Make Your Vacation a Tax Write Offby
by Bill Walston
Summer’s here and everyone’s mind is on vacation! How does that fit into your “tax deductible” lifestyle?
Here’s the scoop: the IRS says that you can deduct expenses for taking a business trip. There is no reason the trip shouldn’t coincide with your next vacation. With proper planning, you can get your business to pay for your trip and make your vacation a tax write off!
For starters, the primary purpose and intent of the trip must be business. If there is no business purpose for your trip none of your expenses will be deductible. Now, as real estate investors, unless the destination is completely random, chances are you’ll find a way to do business there. Secondly, your expenses will need to be allocated between business days and vacation days. Our goal is to document as many business days as possible at our chosen destination.
Establishing a Business Day
A business day is defined as any of the following:
- any day you are traveling to or from a business destination
- a day when you have a pre-scheduled appointment (regardless of the length of time spent at that appointment), or
- a day when you spend at least four hours on business.
What You Can Deduct
Generally, you can deduct all of your travel expenses if your trip was entirely business related.
When you make your vacation a tax write off, travel expenses include both transportation expenses and “on the road” expenses.
Many people combine these under one set of rules. However, they are treated differently; each category has its own separate rule base. What are the differences? Transportation expenses are those costs that you incur in getting to and from your destination. So the cost of your airfare or car costs would come under that category. If the business days of your trip exceed the non-business days the assumption is that your trip is primarily for business and all of your transportation costs are deductible. If non-business days exceed business days then none of the transportation costs are deductible, even though you may be able to deduct “on the road” expenses.
The “on the road expenses” include all costs necessary to sustain life while on your trip. These expenses include lodging, meals, laundry, dry cleaning, and similar expenses. These expenses must be allocated between business and vacation days, if any.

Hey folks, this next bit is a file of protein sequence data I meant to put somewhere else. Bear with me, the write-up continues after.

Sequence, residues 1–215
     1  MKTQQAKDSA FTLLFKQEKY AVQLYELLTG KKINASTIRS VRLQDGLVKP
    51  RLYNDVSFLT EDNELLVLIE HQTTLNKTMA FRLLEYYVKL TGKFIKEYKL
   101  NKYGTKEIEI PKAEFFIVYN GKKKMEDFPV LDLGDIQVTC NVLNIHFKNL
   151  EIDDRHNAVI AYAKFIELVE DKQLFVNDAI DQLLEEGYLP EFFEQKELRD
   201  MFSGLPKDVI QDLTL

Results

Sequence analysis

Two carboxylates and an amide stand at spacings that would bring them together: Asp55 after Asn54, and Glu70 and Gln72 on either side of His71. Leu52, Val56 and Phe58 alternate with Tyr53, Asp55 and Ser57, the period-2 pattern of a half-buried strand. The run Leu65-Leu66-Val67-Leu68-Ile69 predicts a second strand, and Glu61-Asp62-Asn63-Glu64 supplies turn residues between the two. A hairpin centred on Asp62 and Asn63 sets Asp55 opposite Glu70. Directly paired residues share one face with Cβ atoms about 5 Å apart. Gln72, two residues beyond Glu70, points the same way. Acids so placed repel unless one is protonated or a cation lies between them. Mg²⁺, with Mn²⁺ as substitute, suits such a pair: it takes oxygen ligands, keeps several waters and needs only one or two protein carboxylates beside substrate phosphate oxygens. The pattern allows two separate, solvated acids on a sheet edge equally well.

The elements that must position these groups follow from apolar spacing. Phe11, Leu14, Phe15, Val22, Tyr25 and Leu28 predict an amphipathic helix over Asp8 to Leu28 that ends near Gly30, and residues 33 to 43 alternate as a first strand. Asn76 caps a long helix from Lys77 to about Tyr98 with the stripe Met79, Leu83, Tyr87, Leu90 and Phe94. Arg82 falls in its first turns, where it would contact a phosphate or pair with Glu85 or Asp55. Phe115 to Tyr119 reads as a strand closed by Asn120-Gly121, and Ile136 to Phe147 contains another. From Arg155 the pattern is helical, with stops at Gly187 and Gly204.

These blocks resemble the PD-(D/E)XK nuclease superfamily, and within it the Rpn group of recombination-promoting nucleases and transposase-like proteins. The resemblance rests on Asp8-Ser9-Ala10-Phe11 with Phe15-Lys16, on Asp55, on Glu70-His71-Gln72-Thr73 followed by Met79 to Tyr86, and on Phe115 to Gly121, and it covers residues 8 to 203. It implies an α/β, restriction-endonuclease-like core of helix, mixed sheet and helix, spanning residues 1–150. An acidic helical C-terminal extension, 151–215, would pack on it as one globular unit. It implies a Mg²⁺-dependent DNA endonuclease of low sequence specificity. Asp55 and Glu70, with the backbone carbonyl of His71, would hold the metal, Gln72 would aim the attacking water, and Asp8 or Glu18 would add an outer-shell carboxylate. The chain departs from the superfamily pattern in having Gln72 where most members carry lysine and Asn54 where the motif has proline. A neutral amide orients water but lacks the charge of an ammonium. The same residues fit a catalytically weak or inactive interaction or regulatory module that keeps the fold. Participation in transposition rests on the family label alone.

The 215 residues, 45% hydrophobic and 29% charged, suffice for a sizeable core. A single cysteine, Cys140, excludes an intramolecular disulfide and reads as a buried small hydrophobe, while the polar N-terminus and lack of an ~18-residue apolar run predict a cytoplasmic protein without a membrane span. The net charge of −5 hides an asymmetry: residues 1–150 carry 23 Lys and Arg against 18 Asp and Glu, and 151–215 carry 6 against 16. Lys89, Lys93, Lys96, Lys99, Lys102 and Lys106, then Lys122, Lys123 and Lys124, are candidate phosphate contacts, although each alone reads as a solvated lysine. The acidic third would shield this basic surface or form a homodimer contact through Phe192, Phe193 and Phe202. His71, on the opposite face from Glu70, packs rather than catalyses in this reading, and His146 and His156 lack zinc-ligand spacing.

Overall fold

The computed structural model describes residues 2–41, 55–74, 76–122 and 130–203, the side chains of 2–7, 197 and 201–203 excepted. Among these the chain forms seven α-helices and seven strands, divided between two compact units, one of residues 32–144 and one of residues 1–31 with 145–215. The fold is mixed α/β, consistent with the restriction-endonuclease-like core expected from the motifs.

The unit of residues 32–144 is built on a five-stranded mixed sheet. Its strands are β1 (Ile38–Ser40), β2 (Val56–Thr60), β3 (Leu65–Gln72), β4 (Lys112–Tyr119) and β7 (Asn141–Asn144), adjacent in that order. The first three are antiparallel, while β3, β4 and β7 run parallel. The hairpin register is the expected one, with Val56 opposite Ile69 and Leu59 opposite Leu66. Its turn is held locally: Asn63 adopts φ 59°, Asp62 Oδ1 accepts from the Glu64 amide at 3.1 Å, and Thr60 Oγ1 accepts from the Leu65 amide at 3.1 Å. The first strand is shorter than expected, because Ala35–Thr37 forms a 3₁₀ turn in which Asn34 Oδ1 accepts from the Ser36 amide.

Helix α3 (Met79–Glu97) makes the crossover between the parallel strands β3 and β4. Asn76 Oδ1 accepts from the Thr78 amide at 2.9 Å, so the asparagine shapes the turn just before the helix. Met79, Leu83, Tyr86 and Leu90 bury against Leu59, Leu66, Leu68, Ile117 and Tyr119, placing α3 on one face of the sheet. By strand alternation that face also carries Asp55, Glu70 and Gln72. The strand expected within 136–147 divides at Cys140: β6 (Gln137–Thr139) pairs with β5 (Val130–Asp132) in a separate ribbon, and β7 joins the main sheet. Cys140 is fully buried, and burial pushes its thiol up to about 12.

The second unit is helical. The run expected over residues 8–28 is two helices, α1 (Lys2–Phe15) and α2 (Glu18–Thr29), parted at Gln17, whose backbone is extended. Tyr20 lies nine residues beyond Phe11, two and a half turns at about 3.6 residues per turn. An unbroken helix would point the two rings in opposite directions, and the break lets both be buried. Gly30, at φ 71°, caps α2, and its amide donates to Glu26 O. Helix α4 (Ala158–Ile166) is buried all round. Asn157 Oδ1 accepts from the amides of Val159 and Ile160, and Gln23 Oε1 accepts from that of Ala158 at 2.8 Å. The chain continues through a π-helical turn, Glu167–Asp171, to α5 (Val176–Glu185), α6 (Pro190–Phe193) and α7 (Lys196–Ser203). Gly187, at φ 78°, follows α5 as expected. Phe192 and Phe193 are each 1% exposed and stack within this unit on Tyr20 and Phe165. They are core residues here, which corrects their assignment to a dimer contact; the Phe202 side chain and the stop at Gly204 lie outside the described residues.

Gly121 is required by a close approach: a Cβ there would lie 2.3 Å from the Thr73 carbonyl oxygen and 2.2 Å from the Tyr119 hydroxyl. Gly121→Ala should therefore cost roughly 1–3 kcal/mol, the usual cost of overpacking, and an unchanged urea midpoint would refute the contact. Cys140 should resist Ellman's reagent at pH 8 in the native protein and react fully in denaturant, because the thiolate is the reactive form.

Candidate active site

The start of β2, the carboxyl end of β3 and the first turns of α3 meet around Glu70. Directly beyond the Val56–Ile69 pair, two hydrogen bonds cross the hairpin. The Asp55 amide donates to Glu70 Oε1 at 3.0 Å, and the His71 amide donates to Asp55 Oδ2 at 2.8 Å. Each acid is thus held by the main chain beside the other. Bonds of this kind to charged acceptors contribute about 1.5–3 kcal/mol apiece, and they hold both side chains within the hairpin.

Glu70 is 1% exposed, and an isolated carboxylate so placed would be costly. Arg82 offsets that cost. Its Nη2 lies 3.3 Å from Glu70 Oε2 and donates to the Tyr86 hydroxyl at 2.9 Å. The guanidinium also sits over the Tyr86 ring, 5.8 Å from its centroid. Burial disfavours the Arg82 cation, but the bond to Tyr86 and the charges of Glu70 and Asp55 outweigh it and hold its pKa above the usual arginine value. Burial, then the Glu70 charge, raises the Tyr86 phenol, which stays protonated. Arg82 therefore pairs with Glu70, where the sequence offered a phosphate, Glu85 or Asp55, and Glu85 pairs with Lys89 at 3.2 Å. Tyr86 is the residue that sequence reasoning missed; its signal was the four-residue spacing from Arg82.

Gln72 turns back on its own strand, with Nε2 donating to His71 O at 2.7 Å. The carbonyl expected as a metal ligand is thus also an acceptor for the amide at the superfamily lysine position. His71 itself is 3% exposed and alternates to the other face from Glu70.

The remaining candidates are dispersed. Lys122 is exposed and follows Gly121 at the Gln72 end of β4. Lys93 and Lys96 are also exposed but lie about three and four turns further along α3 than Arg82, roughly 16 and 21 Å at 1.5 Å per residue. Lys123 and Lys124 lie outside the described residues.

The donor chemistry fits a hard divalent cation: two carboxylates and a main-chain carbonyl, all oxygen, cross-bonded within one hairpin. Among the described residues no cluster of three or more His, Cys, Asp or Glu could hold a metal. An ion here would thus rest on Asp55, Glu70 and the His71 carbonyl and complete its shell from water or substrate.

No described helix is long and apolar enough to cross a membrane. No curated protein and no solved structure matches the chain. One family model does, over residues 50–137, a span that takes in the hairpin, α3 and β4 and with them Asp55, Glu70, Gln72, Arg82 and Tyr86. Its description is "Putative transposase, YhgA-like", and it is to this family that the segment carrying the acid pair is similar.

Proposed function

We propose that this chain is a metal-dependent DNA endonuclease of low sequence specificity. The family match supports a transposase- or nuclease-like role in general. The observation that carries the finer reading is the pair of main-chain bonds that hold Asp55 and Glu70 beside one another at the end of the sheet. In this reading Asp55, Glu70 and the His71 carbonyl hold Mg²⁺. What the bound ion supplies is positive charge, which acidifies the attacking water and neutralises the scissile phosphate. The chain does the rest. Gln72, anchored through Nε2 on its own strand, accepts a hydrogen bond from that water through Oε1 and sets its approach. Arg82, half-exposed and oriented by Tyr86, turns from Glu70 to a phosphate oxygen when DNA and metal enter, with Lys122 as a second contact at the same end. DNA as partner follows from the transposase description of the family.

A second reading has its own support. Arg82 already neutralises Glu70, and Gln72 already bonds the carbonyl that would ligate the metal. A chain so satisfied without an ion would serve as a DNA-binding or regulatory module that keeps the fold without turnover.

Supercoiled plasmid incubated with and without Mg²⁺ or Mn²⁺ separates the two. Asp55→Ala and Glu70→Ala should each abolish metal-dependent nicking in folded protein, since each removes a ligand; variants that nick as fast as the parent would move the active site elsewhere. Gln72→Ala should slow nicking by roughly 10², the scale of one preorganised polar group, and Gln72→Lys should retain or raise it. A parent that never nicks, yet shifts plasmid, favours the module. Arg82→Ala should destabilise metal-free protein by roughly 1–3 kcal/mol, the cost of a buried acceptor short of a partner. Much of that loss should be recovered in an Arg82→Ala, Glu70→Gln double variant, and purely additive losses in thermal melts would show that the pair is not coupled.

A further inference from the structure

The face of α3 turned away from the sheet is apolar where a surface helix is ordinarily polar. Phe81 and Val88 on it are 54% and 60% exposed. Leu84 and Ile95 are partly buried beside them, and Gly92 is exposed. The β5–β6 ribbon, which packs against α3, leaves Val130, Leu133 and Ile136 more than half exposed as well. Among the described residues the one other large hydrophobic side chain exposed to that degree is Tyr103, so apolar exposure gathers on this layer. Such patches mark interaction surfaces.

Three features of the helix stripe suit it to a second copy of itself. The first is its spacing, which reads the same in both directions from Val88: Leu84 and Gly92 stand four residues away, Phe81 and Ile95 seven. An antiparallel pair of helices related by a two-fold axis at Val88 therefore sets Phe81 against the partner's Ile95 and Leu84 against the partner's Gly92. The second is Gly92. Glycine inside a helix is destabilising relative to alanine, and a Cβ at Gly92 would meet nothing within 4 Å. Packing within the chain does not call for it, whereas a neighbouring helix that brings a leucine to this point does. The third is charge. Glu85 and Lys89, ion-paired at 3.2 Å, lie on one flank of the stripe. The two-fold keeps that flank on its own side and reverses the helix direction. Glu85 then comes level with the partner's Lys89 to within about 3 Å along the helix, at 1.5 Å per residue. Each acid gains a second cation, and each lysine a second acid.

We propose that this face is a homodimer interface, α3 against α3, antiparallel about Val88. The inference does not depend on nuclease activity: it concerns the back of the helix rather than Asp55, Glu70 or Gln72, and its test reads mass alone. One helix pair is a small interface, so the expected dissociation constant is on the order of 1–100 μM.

How Much You Can Deduct
There are two ways of deducting your business travel, the per diem method or the actual expense method.
Per Diem Method: The IRS allows for a set deduction per day when you travel. Every year, the IRS publishes a table (IRS Publication 1542) which specifies a per diem value depending on your destination. There is an amount specified for both lodging and meals and incidentals. Even if you spend less than your per diem rate, you can still take the entire per diem deduction. What I love about this method is that it doesn’t require receipts. You only need to document where you were! Imagine the possibilities.
One caveat: Sole proprietorships are not allowed to use the per diem method for their lodging deductions. However, all other expense are fair game as far as per diems go.
Actual Expense Method: This is pretty straightforward. Simply keep all of your receipts and add up the total amount of deductions based on what you have spent. The important thing is to make sure you keep the receipts for everything you spend your money on.
Deduct Expenses for Your Spouse or Significant Other
If you want to take trips with your spouse or significant other and deduct the travel expenses for both of you, you must have a justifiable business reason for bringing along that person. This usually occurs under three scenarios:
- The individual is part owner of your business.
- The individual is an employee of your business.
- The individual is a business associate with whom it is reasonable to expect that you will actively conduct business.
This means that you can take individuals with you and deduct 100% of their business travel as long as they are directly associated with your business in any one of the preceding three circumstances.
Make Weekends Deductible
How would you like to treat Saturday and Sunday as business days without ever working on the weekend? You can – if you know what you are doing. As long as Friday and Monday are business days then Saturday and Sunday are business days as well – even if you party like a rock star on the weekend! This is a very popular strategy; however, its success rests on your ability to substantiate your claim that there was business activity on both Friday and Monday.
Records to Keep
Remember the old saying about real estate. . . Location, location, location. Well with the good old Uncle Sam the rule is. . . Documentation, documentation, documentation. Make sure that you set up a trip folder. Keep copies of e-mails setting up appointments with realtors. Take photos of properties you view. Take notes at meetings you attend. Keep copies of MLS print outs. Make sure your business appointments are recorded in your calendar. This all will establish the business intent and purpose of your travel. And remember, without business intent there is no deduction.
So, there you have it. When you are a small business owner (and as a real estate investor that includes you) the tax law turns in your favor. What were once personal non-deductible expenses have now become tax-deductible business expenses. With proper planning, you can literally make your life tax deductible.
Bill Walston is a full time real estate investor, mentor and tax strategist who supports his clients in growing, promoting and building their real estate businesses. To learn how to begin living your own tax deductible lifestyle, contact Bill by email. You can also follow Bill’s great advice on Twitter at